Lila Watumull Sahney, a buyer for the legendary Honolulu retailer Watumull’s East India Store, remembered, “The aloha shirt came into popularity, or began to be noticed more as a fashion item when the haole [caucasian] boys here wore them. They would get Ellery Chun, or Linn’s or Yat Loy, two local tailoring and retail outlets, or Musa-Shiya to make a shirt for them,” Sahney recalled. “And then they’d wear that to a lū‘au.”
There are school kids, Waikiki beachboys, tailors, and vacationing movie stars, each of whom has a convincing tale regarding the creation of the aloha shirt. In matching the young islanders’ love for colorful clothing with the tourists’ desire to bring home keepsakes of the carefree islands, Hawai‘i’s clothing styles were forever changing. The shirts were first made commercially by Honolulu merchants in tailor shops downtown.
Ellery Chun’s family dry-goods store, King-Smith, was conveniently located next door to a tailor shop where visitors went to order custom shirts. In 1932 or 1933 (two different dates are provided in newspaper articles), Mr. Chun decided to manufacture some warm-weather shirts to keep in stock so customers would not have to wait for them.
In 1932, Surfriders Sportswear Manufacturing, owned by Ti How Ho, reportedly made and sold its first “Hawaiian” shirts.
In the summer of 1934, when President Franklin D. Roosevelt and his family visited Hawai‘i, sportswear had not yet firmly found its place in Honolulu. The newspaper photographs of a large lū‘au attended by FDR and friends show that “there were no gay Hawaiian garments on the participants as are now worn,” observed Emma Fundaburk, whose 1965 history of the Hawaiian garment industry has become a classic. “The guests at the lū‘au were all wearing leis, but were dressed in regular street or afternoon wear as would have been worn on the mainland at that time.”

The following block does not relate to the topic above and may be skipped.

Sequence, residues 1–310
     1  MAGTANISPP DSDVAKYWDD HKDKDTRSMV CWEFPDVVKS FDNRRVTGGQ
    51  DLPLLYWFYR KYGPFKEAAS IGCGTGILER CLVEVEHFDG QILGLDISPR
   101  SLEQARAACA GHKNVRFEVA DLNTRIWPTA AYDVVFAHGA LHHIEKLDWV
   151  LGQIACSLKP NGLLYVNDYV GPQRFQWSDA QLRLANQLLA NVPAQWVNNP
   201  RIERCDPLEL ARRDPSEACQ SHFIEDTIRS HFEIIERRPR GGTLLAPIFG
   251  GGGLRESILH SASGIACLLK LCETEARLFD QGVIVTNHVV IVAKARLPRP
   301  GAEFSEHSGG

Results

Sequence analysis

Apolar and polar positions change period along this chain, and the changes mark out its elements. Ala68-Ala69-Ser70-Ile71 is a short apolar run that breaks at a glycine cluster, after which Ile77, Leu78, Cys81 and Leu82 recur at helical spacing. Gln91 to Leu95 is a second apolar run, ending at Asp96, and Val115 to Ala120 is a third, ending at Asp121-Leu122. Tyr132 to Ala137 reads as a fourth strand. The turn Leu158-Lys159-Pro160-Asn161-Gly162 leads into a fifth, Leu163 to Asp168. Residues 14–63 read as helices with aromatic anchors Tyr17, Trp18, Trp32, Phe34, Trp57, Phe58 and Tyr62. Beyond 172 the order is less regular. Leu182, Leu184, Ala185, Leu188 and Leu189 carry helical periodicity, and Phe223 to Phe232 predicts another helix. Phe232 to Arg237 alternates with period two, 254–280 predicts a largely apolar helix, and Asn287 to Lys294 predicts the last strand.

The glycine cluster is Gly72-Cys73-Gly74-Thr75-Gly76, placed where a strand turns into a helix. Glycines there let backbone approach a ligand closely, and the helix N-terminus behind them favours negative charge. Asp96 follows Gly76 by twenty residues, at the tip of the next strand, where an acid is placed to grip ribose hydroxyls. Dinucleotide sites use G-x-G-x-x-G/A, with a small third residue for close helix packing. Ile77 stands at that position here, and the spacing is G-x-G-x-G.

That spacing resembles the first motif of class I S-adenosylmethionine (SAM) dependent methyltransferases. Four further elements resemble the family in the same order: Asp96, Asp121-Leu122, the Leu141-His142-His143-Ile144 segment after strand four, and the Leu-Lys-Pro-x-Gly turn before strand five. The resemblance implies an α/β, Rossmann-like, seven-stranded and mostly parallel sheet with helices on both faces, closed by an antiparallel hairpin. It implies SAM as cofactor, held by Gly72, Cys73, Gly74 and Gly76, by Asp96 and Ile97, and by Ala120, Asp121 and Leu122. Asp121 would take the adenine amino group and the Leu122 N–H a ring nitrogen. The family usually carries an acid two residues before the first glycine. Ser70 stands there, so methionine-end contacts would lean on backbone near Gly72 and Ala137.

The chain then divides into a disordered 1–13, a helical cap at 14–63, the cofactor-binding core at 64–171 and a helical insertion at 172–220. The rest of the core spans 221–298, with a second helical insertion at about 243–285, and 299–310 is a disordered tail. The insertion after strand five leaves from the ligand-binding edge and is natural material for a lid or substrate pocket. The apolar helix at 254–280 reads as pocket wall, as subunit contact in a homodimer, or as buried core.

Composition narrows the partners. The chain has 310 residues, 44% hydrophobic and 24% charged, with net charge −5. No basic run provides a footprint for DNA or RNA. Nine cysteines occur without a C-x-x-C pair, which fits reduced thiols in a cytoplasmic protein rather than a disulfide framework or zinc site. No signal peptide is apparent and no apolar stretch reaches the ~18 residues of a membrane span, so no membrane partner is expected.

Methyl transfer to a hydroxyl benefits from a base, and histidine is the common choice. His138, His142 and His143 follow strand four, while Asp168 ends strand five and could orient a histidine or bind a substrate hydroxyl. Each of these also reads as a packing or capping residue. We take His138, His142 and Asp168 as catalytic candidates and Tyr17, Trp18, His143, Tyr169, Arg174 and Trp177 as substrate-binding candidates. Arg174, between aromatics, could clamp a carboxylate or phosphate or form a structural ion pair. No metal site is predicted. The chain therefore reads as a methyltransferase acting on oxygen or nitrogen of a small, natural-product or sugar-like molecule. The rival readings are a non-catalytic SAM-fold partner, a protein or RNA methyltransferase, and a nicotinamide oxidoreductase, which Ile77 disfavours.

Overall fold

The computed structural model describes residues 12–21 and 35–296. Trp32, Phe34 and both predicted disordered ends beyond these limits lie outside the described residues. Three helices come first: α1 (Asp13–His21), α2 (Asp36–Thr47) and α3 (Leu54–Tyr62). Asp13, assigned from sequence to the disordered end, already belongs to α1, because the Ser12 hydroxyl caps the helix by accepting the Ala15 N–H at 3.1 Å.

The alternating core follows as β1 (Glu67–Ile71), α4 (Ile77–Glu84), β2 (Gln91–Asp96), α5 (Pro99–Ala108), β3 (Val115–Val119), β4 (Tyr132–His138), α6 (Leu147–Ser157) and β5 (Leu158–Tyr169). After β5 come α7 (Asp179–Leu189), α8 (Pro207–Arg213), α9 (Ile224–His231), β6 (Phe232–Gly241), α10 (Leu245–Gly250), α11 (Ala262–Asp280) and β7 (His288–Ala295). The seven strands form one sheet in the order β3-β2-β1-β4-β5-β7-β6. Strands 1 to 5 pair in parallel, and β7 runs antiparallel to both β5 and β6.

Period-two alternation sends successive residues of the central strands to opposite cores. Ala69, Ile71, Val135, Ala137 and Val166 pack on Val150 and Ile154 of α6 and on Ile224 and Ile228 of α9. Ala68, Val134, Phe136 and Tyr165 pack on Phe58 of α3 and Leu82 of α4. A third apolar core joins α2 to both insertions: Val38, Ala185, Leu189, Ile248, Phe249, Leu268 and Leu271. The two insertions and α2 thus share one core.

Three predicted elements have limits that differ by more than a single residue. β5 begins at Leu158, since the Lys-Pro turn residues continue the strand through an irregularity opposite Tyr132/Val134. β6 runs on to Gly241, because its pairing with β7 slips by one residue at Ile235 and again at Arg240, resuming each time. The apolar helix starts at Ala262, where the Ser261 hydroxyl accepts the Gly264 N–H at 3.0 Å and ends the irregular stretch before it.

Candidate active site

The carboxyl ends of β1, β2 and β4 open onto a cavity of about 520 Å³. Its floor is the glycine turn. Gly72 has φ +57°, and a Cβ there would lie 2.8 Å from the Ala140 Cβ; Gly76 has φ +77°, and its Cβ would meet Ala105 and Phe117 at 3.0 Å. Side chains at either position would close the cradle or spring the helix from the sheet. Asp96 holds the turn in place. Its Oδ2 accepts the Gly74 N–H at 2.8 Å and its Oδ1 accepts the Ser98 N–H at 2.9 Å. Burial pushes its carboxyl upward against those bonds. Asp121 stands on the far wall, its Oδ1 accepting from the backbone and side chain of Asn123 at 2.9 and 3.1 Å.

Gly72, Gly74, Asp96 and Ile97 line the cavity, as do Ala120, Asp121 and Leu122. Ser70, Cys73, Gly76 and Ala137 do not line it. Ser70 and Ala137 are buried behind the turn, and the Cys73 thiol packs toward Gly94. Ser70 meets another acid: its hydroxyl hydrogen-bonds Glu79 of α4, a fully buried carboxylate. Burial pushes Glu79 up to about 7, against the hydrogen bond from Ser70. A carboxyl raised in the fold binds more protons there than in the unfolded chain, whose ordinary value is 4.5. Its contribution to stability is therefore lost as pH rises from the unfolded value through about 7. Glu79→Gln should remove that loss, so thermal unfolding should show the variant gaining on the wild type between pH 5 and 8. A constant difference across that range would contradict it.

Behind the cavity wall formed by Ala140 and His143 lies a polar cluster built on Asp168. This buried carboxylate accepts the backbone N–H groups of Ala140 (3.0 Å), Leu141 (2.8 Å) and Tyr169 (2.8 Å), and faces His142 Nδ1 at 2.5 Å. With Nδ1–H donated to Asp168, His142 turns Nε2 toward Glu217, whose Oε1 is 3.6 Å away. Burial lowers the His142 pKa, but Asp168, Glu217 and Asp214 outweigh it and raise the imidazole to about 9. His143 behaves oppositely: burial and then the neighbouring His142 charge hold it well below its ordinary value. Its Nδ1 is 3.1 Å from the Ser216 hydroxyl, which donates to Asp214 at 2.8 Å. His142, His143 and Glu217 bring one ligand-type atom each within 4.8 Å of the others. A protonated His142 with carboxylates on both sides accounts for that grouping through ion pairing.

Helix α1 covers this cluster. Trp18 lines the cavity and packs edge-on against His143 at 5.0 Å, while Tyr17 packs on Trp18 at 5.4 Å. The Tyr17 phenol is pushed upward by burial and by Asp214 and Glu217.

On April 17, 1935, Pan American World Airways flew its first massive China Clipper from the West Coast of the United States to Honolulu. An eighteen-hour plane ride provided a comfortable alternative to the six-day ocean passage from the mainland and made Hawai‘i much more accessible.
As the tourist trade and visits by the US Navy increased, the demand for Hawaiian souvenirs grew. The word “aloha” was used in connection with many products advertised in shop windows and newspaper advertisements. Emma Fundaburk noted that “in 1935 and 1936 when the word ‘aloha’ was attached to many types of merchandise, it was not unique that it also was attached to shirts and sportswear.”
On June 28, 1935, Musa-Shiya Shoten, Ltd., took out an advertisement in the Honolulu Advertiser: “Honolulu’s Noted Shirt Maker and Kimono Shop. ‘Aloha’ shirts—well tailored, beautiful designs and radiant colors. Ready-made or made to order…95 cents and up.” Aimed directly at the tourist market, this was probably the first appearance of the phrase “aloha shirt” in print.
“In 1936, Chun decided to give his distinctive style a more exotic name—‘Aloha Shirt’—and he registered this as a trademark. He advertised it locally with persistence, the shirts caught on and so did the name, and that was the beginning of a popular trend that gave impetus to Hawai‘i’s fashion industry,” noted the Atlanta Journal.
The Aloha Shirt: Spirit of the Islands, by Dale Hope
The most colorful and complete book ever published on the most enduring souvenir ever invented: the Hawaiian shirt. Beautifully illustrated with hundreds of images, The Aloha Shirt recounts the colorful stories behind these marvelous shirts: as cultural icons, evocative of the mystery and the allure of the islands, capturing the vibe of the watermen culture and lifestyle—casual, relaxed, and fun. Get your copy at patagonia.com.